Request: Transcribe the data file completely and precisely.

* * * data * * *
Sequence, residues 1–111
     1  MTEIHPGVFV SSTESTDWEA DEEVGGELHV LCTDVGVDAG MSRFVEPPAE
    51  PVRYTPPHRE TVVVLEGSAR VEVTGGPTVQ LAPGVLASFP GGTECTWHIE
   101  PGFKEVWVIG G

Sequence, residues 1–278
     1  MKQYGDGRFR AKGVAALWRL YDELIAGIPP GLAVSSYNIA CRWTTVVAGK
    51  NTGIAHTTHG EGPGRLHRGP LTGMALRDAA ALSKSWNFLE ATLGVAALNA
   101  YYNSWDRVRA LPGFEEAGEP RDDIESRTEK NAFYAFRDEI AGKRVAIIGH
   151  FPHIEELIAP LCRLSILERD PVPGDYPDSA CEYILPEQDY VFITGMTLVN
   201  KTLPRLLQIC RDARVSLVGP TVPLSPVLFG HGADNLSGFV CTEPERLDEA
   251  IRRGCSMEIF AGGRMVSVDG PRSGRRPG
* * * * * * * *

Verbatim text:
Sequence, residues 1–111
     1  MTEIHPGVFV SSTESTDWEA DEEVGGELHV LCTDVGVDAG MSRFVEPPAE
    51  PVRYTPPHRE TVVVLEGSAR VEVTGGPTVQ LAPGVLASFP GGTECTWHIE
   101  PGFKEVWVIG G

Sequence, residues 1–278
     1  MKQYGDGRFR AKGVAALWRL YDELIAGIPP GLAVSSYNIA CRWTTVVAGK
    51  NTGIAHTTHG EGPGRLHRGP LTGMALRDAA ALSKSWNFLE ATLGVAALNA
   101  YYNSWDRVRA LPGFEEAGEP RDDIESRTEK NAFYAFRDEI AGKRVAIIGH
   151  FPHIEELIAP LCRLSILERD PVPGDYPDSA CEYILPEQDY VFITGMTLVN
   201  KTLPRLLQIC RDARVSLVGP TVPLSPVLFG HGADNLSGFV CTEPERLDEA
   251  IRRGCSMEIF AGGRMVSVDG PRSGRRPG